Beyond the Point of No Return — Imminent Carbon Feedbacks

GR:  Yesterday I reported on the positive-feedback loop forming as global soils begin to warm and release greenhouse gasses. This article by Robert Scribbler lays out the catastrophic consequences of the feedback loop.  The world’s scientists are beginning to shout that disaster is looming. However, greed has deafened the world’s leaders. The invader’s boats have reached our shores folks.  He does not take prisoners.

“It’s fair to say we have passed the point of no return on global warming and we can’t reverse the effects, but certainly we can dampen them,” said biodiversity expert Dr. Thomas Crowther.

“I’m an optimist and still believe that it is not too late, but we urgently need to develop a global economy driven by sustainable energy sources and start using CO2, as a substrate, instead of a waste product.” — Prof Ivan Janssens, recognized as a godfather of the global ecology field.

“…we are at the most dangerous moment in the development of humanity. We now have the technology to destroy the planet on which we live, but have not yet developed the ability to escape it… we only have one planet, and we need to work together to protect it.” — Professor Stephen Hawking yesterday in The Guardian.


“The pathway for preventing catastrophic climate change just got a whole hell of a lot narrower.” –Robert Scribbler

“For according to new, conservative estimates in a scientific study led by Dr. Thomas Crowther, increasing soil respiration alone is about to add between 0.45 and 0.71 parts per million of CO2 to the atmosphere every year between now and 2050.

(Thomas Crowther explains why rapidly reducing human greenhouse gas emissions is so important. Namely, you want to do everything you can to avoid a runaway into a hothouse environment that essentially occurs over just one Century. Video source: Netherlands Institute of Ecology.)

“What this means is that even if all of human fossil fuel emissions stop, the Earth environment, from this single source, will generate about the same carbon emission as all of the world’s fossil fuel industry did during the middle of the 20th Century. And that, if human emissions do not stop, then the pace of global warming of the oceans, ice sheets, and atmosphere is set to accelerate in a runaway warming event over the next 85 years.” –Robert Scribbler (Continue reading:  Beyond the Point of No Return — Imminent Carbon Feedbacks Just Made the Stakes for Global Warming a Hell of a Lot Higher)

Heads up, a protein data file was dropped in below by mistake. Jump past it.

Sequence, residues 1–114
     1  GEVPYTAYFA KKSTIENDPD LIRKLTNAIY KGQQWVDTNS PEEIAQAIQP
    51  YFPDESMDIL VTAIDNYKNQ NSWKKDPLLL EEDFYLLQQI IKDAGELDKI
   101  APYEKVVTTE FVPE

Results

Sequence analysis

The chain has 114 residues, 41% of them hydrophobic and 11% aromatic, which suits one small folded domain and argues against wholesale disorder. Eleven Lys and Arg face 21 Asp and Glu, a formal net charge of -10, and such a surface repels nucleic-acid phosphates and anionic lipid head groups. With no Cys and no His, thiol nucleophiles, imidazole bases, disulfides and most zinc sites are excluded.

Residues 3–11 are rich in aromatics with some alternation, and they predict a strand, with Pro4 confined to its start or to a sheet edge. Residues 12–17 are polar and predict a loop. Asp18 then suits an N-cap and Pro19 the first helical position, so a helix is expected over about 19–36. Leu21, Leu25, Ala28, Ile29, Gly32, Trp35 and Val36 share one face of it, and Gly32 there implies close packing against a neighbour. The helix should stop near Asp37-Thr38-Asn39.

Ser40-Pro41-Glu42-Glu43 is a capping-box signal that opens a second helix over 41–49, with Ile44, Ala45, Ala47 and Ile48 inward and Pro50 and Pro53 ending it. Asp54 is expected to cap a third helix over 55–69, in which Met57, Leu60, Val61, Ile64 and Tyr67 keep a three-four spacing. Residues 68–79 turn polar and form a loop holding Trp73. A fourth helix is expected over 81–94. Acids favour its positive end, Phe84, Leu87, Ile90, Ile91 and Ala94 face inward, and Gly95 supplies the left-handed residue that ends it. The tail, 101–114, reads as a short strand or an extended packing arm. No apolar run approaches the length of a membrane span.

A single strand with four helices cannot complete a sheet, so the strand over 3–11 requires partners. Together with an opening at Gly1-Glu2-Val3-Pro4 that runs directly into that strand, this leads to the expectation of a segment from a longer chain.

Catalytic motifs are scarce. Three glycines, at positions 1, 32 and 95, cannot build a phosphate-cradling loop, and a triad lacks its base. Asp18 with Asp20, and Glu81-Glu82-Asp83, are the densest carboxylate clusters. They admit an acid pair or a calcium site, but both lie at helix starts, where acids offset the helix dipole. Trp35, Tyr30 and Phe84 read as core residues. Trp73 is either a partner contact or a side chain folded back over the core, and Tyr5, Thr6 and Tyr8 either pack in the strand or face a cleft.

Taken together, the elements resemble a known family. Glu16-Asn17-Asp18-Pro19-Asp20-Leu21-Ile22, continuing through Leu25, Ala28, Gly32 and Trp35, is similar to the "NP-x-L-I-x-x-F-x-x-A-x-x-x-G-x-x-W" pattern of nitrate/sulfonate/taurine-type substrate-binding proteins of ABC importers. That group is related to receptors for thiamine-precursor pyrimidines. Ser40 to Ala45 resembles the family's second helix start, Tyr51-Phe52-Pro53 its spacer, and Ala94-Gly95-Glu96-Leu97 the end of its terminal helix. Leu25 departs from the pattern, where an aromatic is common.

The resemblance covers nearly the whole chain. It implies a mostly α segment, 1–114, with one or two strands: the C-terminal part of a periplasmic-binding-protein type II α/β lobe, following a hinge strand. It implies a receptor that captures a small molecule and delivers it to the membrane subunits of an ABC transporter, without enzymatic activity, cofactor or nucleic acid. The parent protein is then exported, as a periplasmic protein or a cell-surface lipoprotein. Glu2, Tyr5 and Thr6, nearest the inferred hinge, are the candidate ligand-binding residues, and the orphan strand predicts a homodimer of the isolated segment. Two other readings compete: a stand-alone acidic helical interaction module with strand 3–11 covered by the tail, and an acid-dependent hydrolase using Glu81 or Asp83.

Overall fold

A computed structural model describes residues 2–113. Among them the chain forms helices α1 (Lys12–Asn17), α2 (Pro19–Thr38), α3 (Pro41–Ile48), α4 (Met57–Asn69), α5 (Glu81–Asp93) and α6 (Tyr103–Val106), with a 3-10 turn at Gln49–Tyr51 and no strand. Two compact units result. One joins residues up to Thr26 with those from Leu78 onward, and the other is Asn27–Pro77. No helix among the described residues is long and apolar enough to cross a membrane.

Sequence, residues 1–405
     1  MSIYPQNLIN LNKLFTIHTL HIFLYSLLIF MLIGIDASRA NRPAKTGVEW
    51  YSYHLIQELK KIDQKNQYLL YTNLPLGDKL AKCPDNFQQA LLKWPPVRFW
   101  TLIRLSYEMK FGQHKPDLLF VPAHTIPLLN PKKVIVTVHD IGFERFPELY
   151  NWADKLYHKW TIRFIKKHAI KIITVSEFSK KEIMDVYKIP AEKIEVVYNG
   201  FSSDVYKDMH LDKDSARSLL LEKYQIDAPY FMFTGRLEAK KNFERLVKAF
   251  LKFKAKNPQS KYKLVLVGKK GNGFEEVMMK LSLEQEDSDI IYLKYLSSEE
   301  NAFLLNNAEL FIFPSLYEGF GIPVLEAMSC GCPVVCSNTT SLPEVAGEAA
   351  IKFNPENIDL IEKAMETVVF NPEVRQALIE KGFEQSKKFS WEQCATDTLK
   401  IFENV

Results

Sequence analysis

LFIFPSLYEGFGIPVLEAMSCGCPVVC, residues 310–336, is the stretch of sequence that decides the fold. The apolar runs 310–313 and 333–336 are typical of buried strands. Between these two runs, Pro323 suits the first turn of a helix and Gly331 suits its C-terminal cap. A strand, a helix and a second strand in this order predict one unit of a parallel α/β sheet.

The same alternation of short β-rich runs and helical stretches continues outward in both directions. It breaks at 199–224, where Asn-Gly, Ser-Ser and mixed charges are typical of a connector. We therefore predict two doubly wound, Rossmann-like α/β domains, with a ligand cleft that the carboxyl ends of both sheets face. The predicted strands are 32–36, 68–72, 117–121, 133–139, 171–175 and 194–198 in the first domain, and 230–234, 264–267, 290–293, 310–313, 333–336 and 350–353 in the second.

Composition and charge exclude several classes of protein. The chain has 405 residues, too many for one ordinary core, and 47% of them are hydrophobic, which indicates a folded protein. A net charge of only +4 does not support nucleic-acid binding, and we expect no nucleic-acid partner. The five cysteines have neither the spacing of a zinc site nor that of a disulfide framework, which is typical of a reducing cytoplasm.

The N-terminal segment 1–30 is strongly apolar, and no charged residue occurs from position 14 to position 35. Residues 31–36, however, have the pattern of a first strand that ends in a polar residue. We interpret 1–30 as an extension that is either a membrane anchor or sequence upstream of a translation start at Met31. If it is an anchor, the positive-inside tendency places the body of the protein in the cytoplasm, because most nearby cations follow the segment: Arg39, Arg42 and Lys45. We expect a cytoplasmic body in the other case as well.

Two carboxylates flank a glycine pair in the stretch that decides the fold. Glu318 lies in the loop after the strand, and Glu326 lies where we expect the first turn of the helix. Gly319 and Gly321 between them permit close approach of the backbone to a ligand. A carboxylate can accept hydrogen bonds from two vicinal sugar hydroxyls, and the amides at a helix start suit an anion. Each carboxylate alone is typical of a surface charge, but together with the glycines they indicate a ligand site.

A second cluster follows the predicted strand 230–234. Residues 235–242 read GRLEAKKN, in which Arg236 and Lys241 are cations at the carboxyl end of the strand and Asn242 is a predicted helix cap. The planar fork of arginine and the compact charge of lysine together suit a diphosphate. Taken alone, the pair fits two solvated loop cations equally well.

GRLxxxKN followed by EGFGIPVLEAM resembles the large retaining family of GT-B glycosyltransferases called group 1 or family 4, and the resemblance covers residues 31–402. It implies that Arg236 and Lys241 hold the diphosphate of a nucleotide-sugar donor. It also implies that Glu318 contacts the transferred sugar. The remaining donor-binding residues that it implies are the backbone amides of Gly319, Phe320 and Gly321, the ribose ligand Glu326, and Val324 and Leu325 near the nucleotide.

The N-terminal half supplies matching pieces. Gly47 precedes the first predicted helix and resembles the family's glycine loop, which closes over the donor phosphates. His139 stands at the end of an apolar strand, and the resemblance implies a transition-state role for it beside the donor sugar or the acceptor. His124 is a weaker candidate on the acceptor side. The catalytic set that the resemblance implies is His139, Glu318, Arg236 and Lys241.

Scientists have long feared this ‘feedback’ to the climate system. Now they say it’s happening – Washington Post

GR:  The potential for runaway global warming is growing. This is an important article that we shouldn’t ignored. Of course, one might argue that when you are chained across the railroad tracks, you might as well ignore the approaching train. If that’s where we are, perhaps its time for the Champaign.

“At a time when a huge pulse of uncertainty has been injected into the global project to stop the planet’s warming, scientists have just raised the stakes even further.

“In a massive new study published Wednesday in the influential journal Nature, no less than 50 authors from around the world document a so-called climate system “feedback” that, they say, could make global warming considerably worse over the coming decades.

“That feedback involves the planet’s soils, which are a massive repository of carbon due to the plants and roots that have grown and died in them, in many cases over vast time periods (plants pull in carbon from the air through photosynthesis and use it to fuel their growth). It has long been feared that as warming increases, the microorganisms living in these soils would respond by very naturally upping their rate of respiration, a process that in turn releases carbon dioxide or methane, leading greenhouse gases.

“It’s this concern that the new study validates. “Our analysis provides empirical support for the long-held concern that rising temperatures stimulate the loss of soil C to the atmosphere, driving a positive land C–climate feedback that could accelerate planetary warming over the twenty-first century,” the paper reports.

“This, in turn, may mean that even humans’ best efforts to cut their emissions could fall short, simply because there’s another source of emissions all around us. The very Earth itself.” –Chris Mooney (please continue reading:  Scientists have long feared this ‘feedback’ to the climate system. Now they say it’s happening – The Washington Post)

Global Soil Biodiversity Atlas | Global Soil Biodiversity Initiative

Source: Global Soil Biodiversity Atlas | Global Soil Biodiversity Initiative

GR:  You can download the Atlas free.

Satellite images map forest-fungi relationships

Even in the desert, fungi and other soil surface microorganisms are critical to ecosystem stability. They capture moisture and nutrients, block invasive species, and prevent soil erosion. Too bad that most have been destroyed by the hoves of grazing livestock and the movements of people on foot and in vehicles.

Summit County Citizens Voice

forest fungi A new study helps map the relationships between forests and fungi on a large scale. @bberwyn photo.

New analysis offers important forest health information

Staff Report

Colorful mushrooms that pop up in forests around the world are much more than decorative baubles. Much more than realized, fungi are key components of forest ecosystems, helping to regulate the carbon cycle and driving the nutrient exchange between soil and trees.

One recent study showed the the recent bark beetle epidemic across the western U.S. may have wiped out crucial fungi that are critical to forest regrowth, and other research shows they helped stabilize global climate during low-C02 eras.

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